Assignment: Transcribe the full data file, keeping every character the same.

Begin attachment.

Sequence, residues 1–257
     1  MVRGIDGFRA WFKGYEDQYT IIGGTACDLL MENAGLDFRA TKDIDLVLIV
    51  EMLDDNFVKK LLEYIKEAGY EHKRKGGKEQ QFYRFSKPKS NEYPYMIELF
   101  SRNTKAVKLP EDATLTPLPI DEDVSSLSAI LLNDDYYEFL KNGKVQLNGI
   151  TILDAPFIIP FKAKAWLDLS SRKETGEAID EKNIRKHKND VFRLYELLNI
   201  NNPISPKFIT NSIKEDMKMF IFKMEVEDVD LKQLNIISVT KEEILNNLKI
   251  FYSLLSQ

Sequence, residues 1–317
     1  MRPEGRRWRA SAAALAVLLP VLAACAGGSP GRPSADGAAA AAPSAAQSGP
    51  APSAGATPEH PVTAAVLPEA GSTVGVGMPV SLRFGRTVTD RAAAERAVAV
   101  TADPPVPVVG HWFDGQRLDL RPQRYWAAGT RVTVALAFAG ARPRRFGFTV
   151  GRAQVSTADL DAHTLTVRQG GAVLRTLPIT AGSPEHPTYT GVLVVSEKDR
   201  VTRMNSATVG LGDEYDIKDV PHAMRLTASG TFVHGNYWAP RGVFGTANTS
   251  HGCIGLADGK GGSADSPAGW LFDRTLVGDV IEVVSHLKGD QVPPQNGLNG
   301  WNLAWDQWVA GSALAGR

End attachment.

Sequence, residues 1–257
     1  MVRGIDGFRA WFKGYEDQYT IIGGTACDLL MENAGLDFRA TKDIDLVLIV
    51  EMLDDNFVKK LLEYIKEAGY EHKRKGGKEQ QFYRFSKPKS NEYPYMIELF
   101  SRNTKAVKLP EDATLTPLPI DEDVSSLSAI LLNDDYYEFL KNGKVQLNGI
   151  TILDAPFIIP FKAKAWLDLS SRKETGEAID EKNIRKHKND VFRLYELLNI
   201  NNPISPKFIT NSIKEDMKMF IFKMEVEDVD LKQLNIISVT KEEILNNLKI
   251  FYSLLSQ

Sequence, residues 1–317
     1  MRPEGRRWRA SAAALAVLLP VLAACAGGSP GRPSADGAAA AAPSAAQSGP
    51  APSAGATPEH PVTAAVLPEA GSTVGVGMPV SLRFGRTVTD RAAAERAVAV
   101  TADPPVPVVG HWFDGQRLDL RPQRYWAAGT RVTVALAFAG ARPRRFGFTV
   151  GRAQVSTADL DAHTLTVRQG GAVLRTLPIT AGSPEHPTYT GVLVVSEKDR
   201  VTRMNSATVG LGDEYDIKDV PHAMRLTASG TFVHGNYWAP RGVFGTANTS
   251  HGCIGLADGK GGSADSPAGW LFDRTLVGDV IEVVSHLKGD QVPPQNGLNG
   301  WNLAWDQWVA GSALAGR